Plaintiff filed an amended damage claim on July 5, 1983. It sought $946,217: allocated $356,000 for the Paulus, Sokolowski and Sartor study; $255,901 for the filters, $214,000 for the Weston study and $119,000 for the staff time and legal fees. Defendant again orally advised plaintiff's executive director that plaintiff's claim was not eligible for payment. He also told plaintiff's executive director "that the only way this 'claim' might be paid from Spill Fund monies would be if the New Jersey Department of Environmental Protection requested an authorization of funds for a pre-Act cleanup and certified the expenditures by ACMUA [plaintiff] as a cleanup and removal contractor." "Sometime after" that conversation DEP submitted a voucher for the Weston study, which defendant paid using money from the fund.
Defendant's stated motivation for denying both claims was that it was "part of my duty as Spill Fund Administrator to determine whether a discharge is pre or post-Act." According to his consistent interpretation of the Act, only DEP could be paid for cleanup and removal costs incurred as a result of a discharge which occurred before the Act was passed. Moreover, even if DEP submitted vouchers, he contended that his decision to pay for pre-Act discharges was discretionary.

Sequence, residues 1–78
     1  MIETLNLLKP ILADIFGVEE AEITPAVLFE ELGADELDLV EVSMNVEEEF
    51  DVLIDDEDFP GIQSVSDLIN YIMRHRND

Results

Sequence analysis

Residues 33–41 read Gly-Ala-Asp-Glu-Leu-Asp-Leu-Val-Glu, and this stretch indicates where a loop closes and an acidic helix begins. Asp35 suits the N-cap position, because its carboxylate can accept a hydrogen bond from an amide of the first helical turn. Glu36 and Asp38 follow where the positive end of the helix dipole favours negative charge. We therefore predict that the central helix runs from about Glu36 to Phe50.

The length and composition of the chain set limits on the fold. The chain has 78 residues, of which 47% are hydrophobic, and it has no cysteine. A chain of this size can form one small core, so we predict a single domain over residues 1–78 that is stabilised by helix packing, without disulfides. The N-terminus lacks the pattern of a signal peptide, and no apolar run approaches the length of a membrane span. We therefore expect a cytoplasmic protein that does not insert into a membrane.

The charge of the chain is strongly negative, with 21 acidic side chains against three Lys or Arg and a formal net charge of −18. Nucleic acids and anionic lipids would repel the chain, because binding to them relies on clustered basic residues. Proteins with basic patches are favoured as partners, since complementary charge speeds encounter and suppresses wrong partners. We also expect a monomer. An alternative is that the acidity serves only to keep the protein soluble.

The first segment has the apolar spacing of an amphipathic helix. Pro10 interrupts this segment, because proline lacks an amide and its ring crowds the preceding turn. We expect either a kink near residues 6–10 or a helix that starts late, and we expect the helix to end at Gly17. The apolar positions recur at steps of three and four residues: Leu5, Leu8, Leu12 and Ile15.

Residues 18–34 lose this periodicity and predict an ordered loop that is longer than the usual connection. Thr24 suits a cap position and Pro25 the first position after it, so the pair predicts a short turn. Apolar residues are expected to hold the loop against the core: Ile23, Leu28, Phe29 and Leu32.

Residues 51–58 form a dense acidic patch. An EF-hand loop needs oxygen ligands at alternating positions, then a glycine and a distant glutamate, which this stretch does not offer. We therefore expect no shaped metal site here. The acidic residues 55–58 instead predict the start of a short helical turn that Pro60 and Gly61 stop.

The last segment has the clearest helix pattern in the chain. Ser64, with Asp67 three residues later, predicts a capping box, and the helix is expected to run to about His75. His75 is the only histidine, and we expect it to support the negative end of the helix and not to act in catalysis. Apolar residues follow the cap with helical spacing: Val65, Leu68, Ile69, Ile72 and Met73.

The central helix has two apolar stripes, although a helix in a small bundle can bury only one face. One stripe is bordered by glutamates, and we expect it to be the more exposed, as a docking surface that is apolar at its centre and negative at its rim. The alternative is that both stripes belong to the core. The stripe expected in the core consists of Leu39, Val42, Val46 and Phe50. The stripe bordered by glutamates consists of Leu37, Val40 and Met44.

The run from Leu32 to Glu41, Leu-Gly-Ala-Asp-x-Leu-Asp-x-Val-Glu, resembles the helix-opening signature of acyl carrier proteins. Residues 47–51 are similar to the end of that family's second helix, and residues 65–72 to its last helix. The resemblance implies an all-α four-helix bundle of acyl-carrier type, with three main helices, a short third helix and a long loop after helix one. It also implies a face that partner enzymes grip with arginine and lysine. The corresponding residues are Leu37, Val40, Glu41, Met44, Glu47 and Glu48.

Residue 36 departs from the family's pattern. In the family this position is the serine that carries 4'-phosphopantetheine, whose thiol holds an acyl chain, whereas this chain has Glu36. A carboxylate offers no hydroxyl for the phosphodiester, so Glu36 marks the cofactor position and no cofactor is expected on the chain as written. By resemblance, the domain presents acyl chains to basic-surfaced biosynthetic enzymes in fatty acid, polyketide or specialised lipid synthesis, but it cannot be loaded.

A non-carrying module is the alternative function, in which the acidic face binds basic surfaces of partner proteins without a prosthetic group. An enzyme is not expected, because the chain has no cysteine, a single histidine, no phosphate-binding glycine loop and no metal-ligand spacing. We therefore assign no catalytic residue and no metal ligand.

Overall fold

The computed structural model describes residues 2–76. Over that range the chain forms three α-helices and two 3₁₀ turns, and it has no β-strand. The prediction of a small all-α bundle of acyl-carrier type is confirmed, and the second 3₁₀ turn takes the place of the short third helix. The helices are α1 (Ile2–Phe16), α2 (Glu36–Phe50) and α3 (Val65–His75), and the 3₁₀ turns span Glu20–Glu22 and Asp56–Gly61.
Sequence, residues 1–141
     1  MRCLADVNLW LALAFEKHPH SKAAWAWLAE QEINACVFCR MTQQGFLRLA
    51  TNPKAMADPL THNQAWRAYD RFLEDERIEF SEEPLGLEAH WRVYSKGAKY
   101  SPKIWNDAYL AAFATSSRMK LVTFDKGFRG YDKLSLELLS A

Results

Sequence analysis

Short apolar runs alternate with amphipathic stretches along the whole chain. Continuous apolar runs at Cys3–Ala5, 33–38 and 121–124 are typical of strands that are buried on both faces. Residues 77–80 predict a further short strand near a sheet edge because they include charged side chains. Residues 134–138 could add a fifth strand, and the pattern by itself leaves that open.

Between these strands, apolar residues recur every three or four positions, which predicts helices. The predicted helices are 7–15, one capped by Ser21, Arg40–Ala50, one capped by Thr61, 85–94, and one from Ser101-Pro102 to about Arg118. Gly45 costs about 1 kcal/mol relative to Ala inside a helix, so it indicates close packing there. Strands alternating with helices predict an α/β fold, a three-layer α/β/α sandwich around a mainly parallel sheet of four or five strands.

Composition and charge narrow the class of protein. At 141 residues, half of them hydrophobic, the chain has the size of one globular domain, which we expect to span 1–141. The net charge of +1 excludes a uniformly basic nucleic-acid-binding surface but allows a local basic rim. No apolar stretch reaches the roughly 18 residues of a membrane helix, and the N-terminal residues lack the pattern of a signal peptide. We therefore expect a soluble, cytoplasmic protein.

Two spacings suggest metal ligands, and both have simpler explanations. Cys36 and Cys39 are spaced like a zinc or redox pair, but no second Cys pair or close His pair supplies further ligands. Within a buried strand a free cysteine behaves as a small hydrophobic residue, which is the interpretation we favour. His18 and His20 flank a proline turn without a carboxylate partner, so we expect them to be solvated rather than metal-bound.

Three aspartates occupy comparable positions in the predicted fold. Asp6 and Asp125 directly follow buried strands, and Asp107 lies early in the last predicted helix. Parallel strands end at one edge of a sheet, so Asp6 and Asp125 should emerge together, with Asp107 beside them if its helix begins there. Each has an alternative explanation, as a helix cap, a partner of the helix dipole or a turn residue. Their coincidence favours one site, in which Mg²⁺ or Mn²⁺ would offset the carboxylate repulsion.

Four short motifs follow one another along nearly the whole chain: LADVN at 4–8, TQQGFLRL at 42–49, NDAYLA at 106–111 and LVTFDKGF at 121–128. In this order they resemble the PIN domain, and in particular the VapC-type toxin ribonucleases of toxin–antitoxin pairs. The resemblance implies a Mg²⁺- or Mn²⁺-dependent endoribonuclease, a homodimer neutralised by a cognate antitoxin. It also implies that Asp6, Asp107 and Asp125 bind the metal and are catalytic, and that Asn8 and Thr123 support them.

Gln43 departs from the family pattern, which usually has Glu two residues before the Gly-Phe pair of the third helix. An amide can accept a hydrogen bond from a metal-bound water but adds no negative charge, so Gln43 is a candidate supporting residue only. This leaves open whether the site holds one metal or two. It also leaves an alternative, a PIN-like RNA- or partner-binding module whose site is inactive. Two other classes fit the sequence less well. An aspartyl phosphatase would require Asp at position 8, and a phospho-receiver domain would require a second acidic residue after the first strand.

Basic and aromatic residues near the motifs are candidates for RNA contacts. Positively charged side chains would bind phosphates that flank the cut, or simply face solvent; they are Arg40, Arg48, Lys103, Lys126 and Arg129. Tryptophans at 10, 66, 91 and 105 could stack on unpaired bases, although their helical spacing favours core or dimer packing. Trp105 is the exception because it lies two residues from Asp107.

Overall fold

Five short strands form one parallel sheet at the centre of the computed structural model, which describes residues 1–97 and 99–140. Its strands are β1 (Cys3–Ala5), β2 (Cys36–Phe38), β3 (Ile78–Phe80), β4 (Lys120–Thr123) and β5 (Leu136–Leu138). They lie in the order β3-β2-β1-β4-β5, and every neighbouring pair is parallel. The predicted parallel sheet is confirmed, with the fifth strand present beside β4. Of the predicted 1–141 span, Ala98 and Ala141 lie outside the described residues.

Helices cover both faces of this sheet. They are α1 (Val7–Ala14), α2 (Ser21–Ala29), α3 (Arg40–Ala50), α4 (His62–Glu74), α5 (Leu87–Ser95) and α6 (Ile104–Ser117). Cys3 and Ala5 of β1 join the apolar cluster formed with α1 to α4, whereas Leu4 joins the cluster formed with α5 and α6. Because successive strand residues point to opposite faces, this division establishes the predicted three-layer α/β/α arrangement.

In his oral opinion, Judge Perskie decided that N.J.S.A. 58:10-23.11g(a), providing that the fund "shall" be strictly liable for all cleanup and removal costs and for all damages, was intended to be prospective "by its design, if not by its language." He found that amendments to the statute in 1979, discussed below, "were specifically designed to give to the Department [DEP] and, . . . the Department only, access to this fund for the purpose of addressing pre-Act discharges."